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London’s South Bank is a mecca for locals and tourists alike. Whether you’re into classical music, Shakespeare, modern art, or just fancy a long walk in beautiful surroundings, there’s something here for everyone.

A Day on London’s South Bank

If you want to experience Cool Britannia first-hand, head for London’s South Bank. There’s something for everyone, from chamber choirs to street performers, dungeons to Tudor ships, aquariums to art galleries. Whether you’re a wide-eyed visitor or a jaded Londoner, everyone eventually ends up at the South Bank. Take a stroll along the riverside whatever the season, whatever the weather, and you’ll see the best of London.

It’s possible to walk the South Bank in 3 hours or less, depending on your pace. Just follow the riverside walkway that stretches all the way from Vauxhall station to Tower Bridge. But there’s so much to see along the way, that it’s worth setting aside a day to stop as the mood suits you.

Start your walk from Vauxhall Station (Rail and Underground). Vauxhall is 5 minutes on the train from Victoria or Waterloo Stations, or 10 minutes on the bus.

Cross the road to the riverside walkway. You’re on the Albert Embankment, named for Prince Albert, Queen Victoria’s Consort. Across the Thames, you’ll see the Palaces of Westminster and Big Ben, while the Millennium Wheel (also known as The London Eye) looms large but distant on your side of the river.

Lambeth Palace and the Museum of Garden History

Ten minutes’ walk down the Embankment from Vauxhall Station is Lambeth Palace, owned by the Archbishops of Canterbury since 1200. The present building has a Tudor gatehouse, a 19th Century Neo-Gothic main building, and a1 3th Century crypt and chapel. Rowan Williams, the present Archbishop, lives at Lambeth Palace with his family and it isn’t open to the general public.

You’ll find The Museum of Garden History next door to Lambeth Palace and it’s well worth a visit. Housed in a deconsecrated parish church, the museum and garden are open from 10. 30am to 5.00pm, Tuesday to Sunday. There’s a £3 voluntary admission charge.

The London Eye

London Eye looms over the skyline like a modern-day Colossus. Illuminated in soft neon by night, the massive Ferris wheel is London’s Eiffel Tower, a temporary millennium construct that proved so popular it’s become a permanent landmark. A “flight” on the wheel takes half an hour, and is well worth the £15 (walk-up and queue) or £25 (fast-tracked) ticket price. You can see right into the private gardens of Buckingham Palace (although you’ll probably be too far away to see if Her Majesty is in the garden with the royal corgis) and will enjoy a bird’s eye view of central London.

Southbank Centre

Just beyond the Eye is the Southbank Centre, a world-renowned culture and arts hub. The Southbank Centre proper comprises a complex of 19505 buildings; the Royal Festival Hall, the Queen Elizabeth Hall, the Purcell Room, the Poetry Library, and the Hayward Gallery. The buildings themselves are unprepossessing. Prince Charles famously once alluded to them in his “monstrous carbuncle” rant. Everyone’s a critic.

If you enjoy music, especially classical concerts, then the Southbank Centre is paradise. There are often free afternoon performances in the mezzanine area, and the site has just undergone a massive renovation, with trendy new restaurants and shops in which to while away the hours, pre and post-concert.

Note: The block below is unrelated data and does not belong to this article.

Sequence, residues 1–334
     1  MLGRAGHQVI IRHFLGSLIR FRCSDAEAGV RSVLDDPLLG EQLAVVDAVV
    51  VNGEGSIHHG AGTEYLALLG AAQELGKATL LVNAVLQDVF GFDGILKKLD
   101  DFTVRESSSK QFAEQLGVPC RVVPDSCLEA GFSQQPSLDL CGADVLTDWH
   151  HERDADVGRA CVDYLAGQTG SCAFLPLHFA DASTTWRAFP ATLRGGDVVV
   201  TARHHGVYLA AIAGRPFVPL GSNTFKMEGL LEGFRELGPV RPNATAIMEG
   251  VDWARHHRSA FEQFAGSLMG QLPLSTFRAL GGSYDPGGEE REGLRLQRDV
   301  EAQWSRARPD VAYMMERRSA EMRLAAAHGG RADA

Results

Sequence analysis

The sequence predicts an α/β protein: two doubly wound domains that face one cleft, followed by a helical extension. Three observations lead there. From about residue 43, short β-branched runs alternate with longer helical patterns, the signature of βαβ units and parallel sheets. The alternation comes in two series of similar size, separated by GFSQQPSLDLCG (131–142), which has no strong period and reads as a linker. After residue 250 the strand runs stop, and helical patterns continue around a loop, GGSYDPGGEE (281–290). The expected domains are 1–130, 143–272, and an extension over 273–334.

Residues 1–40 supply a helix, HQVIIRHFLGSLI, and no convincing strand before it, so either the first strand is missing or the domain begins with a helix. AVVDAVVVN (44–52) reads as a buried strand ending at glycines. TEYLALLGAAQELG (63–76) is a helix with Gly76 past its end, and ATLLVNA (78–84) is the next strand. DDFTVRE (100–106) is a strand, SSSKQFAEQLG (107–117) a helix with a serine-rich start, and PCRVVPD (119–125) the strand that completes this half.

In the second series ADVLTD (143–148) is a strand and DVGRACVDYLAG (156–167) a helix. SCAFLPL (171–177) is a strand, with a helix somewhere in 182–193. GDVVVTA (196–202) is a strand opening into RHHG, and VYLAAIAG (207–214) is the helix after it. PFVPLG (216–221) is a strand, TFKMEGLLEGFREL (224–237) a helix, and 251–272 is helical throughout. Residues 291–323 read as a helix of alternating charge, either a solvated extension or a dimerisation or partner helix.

Tate Modem and Millennium Bridge

The Tate Modern houses the UK’s pre-eminent modern art collection. It’s free to get into the general collections (special exhibitions will charge an entrance fee), and there are several restaurants on site. The Millennium Bridge affords fabulous views of St Paul’s Cathedral (which is just across the river). Stand in the middle of the bridge (it’s pedestrian-only) and you’ll see Parliament to the left, and Tower Bridge in the distance to the right.

Shakespeare’s Globe

The Globe is a faithful reconstruction of a 16th century Tudor theatre, and from May to October you can watch Shakespeare’s plays in the round. There’s an exhibition of costumes and props from the Tudor era that will amuse if no play is in the offing.

Southwark Cathedral & The Golden Hinde

You deviate now from the riverside walk to follow the footpath past the modem Southwark Cathedral (there’s been a church on the site for over 1000 years) to St Mary Overie Dock, where The Golden Hinde is moored. The ship is a reproduction of Sir Francis Drake’s famous vessel. In summer, actors in authentic period costume caper on deck
for the amusement of passers-by.

Tower Bridge and the Tower of London

If you’re lucky, you’ll get to see Tower Bridge being raised to allow a particularly tall ship through. It’s quite a sight, watching as the bridge essentially splits in two to allow passage.

You must cross the river at Tower Bridge to get to the Tower of London. Aside from the main attraction of the Crown Jewels, you can also watch the Ceremony of the Keys, performed every night for the last 700 years, by the Chief Yeoman Warder. Tickets to the Keys ceremony need to be arranged in advance by writing to the Governor of the Tower.

There’s a reason tourists and Londoners alike return time and time again to the South Bank. Beyond the obvious attractions and sights, there’s a bohemian, sophisticated, yet friendly feel about the place. Add some world-class views to the mix, and it’s no wonder people compare the area favourably to Paris’s famous Left Bank.

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